At the time of writing, only isolated rain showers have fallen in the summer rainfall areas, forcing a need for drought management.
The 2014/2015 summer grains season was tough for South Africa’s inland farmers. Nonetheless, they still managed to produce more than nine million tons of maize, compared with the previous season’s 14 million tons.
Livestock farmers did relatively well, with fairly high meat and fibre prices and stable grain prices. In spite of slower global economic growth, the exporting industries also performed well in 2014.
But the drier conditions in 2014 were followed by severe drought in 2015.
For summer grain producers in the eastern parts of the country, the time for planting is running out. Farmers in the western areas still have some time left, but the risks associated with planting with limited soil moisture will surely result in less maize being planted.
The maize industry recently produced three possible scenarios, ranging from a ‘business as usual’ 9,5 million tons to a worst-case scenario of 3,9 million tons and a local price of R3 900/t or more. If this happens, both grain and livestock producers will be in dire straits.
In the past, government implemented plans to help farmers recover after a severe drought. The early 1970s saw a stock reduction scheme, and some years later there was an attempt to convert cropland to permanent pastures. After the drought in the early 1990s, farmer subsidies based on crop yield were paid out.
No aid for commercial farmers
The national and provincial governments recently promised some aid for farmers in drought- stricken areas. Although all the money will be spent on small-scale and emerging farmers, this will not be enough to prevent disaster for many. Commercial farmers, meanwhile, will have to fend for themselves.
Talks about management schemes such as disaster insurance have been continuing for years. However, when disaster strikes, it is clear that very few real plans are in place. Commercial farmers can therefore expect very little direct aid from government.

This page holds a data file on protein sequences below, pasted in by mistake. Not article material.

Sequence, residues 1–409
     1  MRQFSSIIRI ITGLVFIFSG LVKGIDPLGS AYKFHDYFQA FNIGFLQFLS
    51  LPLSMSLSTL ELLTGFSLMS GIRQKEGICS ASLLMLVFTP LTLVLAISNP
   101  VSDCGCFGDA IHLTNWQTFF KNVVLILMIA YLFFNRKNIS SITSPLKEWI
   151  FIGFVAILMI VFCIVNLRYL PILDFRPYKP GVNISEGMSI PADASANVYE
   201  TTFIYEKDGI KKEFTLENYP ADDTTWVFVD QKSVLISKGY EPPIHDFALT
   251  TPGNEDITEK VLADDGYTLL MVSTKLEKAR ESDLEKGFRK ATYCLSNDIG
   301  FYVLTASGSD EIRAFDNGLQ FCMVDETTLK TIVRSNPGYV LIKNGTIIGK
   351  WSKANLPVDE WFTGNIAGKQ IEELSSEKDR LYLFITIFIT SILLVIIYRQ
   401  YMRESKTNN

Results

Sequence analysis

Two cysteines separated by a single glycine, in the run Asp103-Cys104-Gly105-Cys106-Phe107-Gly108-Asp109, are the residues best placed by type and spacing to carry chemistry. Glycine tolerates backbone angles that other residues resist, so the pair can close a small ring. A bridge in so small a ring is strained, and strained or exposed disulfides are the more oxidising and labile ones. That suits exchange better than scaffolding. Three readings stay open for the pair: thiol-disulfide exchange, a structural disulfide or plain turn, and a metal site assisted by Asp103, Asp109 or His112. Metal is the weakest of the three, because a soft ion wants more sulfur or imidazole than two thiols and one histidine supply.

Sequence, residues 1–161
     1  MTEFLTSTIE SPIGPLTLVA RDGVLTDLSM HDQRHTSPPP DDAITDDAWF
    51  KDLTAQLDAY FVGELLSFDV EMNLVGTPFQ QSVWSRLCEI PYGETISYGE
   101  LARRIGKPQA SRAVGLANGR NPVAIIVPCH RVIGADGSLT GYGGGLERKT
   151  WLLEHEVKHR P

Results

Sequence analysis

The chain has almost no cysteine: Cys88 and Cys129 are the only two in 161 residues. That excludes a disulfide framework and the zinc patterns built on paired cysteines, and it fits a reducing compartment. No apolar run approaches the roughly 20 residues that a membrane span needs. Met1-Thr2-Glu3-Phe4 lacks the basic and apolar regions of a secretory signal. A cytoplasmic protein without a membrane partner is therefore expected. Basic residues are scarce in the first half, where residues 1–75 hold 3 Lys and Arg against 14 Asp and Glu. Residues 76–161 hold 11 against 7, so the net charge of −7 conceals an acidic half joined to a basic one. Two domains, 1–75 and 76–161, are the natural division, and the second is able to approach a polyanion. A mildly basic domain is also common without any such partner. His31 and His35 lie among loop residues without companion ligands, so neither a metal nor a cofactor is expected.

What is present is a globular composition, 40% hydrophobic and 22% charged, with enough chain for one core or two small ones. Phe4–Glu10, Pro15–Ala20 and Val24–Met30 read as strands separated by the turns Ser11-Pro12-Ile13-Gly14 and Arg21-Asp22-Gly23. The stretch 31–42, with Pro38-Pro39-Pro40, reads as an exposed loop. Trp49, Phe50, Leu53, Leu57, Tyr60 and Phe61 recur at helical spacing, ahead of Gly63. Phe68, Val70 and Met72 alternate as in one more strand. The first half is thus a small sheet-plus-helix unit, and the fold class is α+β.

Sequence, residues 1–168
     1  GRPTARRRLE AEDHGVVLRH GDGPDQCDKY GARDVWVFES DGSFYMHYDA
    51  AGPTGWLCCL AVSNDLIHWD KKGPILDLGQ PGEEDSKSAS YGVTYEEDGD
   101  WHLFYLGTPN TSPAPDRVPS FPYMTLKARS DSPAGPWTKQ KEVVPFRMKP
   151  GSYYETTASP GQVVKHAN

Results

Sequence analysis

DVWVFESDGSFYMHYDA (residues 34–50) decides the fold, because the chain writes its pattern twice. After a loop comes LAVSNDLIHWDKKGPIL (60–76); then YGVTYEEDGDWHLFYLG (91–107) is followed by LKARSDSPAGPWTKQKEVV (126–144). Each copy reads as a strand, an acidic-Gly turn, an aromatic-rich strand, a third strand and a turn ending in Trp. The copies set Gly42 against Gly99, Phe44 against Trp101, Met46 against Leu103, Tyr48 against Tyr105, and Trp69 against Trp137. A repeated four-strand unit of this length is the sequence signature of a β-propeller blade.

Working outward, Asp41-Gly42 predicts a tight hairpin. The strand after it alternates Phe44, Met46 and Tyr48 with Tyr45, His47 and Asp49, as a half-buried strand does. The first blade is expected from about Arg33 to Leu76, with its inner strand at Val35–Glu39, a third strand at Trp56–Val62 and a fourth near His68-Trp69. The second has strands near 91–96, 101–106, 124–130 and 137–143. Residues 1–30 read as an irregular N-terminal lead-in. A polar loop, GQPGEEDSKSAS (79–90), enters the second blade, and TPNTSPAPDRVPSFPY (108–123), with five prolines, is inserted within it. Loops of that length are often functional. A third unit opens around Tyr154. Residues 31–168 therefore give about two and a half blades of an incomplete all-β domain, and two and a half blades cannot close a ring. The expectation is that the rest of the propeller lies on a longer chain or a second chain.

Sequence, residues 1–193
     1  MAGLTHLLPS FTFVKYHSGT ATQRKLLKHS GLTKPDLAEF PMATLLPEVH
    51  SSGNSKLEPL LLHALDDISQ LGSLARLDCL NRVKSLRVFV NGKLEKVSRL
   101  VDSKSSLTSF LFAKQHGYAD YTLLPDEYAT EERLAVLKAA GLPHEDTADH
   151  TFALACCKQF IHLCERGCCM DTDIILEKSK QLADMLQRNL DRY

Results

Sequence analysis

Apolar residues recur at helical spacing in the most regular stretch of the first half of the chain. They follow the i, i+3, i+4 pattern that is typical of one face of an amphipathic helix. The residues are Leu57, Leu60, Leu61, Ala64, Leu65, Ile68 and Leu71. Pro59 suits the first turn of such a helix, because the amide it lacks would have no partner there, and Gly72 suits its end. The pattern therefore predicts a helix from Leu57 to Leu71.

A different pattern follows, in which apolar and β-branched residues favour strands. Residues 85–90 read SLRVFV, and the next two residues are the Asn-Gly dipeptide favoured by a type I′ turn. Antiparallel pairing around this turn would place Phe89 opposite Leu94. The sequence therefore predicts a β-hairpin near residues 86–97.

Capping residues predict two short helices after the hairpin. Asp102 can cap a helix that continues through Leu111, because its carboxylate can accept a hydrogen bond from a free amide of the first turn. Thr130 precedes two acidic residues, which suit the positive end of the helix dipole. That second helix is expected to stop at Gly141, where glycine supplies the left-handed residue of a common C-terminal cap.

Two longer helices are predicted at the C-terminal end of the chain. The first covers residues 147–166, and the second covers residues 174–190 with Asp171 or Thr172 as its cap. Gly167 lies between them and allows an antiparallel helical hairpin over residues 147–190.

If the drought continues, agribusinesses will also suffer.
A few have already announced drought management schemes for aiding farmers during the drought. It is hoped that the rest will follow. They now have an opportunity to show whether the welfare of the South African farmer is a priority for them or whether they are interested only in their short-term bottom line.
Periodic droughts are an inherent part of the South African agricultural landscape. Drought management should form part of any farmer’s long-term strategy.
The keyword is ‘reserves’. These can take the form of stored feed. SA Oosthuizen, who for many years was a lecturer in dairy farming at the Potchefstroom College of Agriculture, used to tell prospective dairy farmers that they needed to produce and store enough silage for two years before they bought their first dairy cows.
And if in a dry season they were forced to use all their silage reserves, they should then produce double their normal annual use the following year.
When climatic conditions are good, farmers tend to overestimate the carrying capacity of their farms. This can result in severe shortages in drought periods. A conservative estimate of the long-term carrying capacity of a farm will provide some reserves for grazing animals in drier seasons. Cash or credit reserves can also go a long way towards helping farmers to survive.
As former Agri SA economist Dr Koos du Toit used to say, a credit limit is not a target that a farmer must reach as quickly as possible. A farmer’s ability to absorb a setback is an important survival tool.
One of the most important lessons is: keep your banker updated on your situation. Your survival is also in the bank’s interest and keeping your banker updated will create goodwill and prevent nasty surprises.
As the drought continues, the risks associated with summer grain crops is increasing daily. Future prices for summer grains are positive and farmers who are able to plant and harvest a crop can be reasonably sure of good prices.
But there are risks associated with later plantings. Grain producers face a very difficult decision on whether to plant or not this year, as conditions can change very quickly. The odds of making the wrong decision are obviously high. But South Africa’s hardy farmers have survived many difficult years and will do so again this year.
Dr Koos Coetzee is an agricultural economist at the MPO. All opinions expressed are his own and do not reflect MPO policy.
This article was originally published in the 18 December 2015 issue of Farmers Weekly.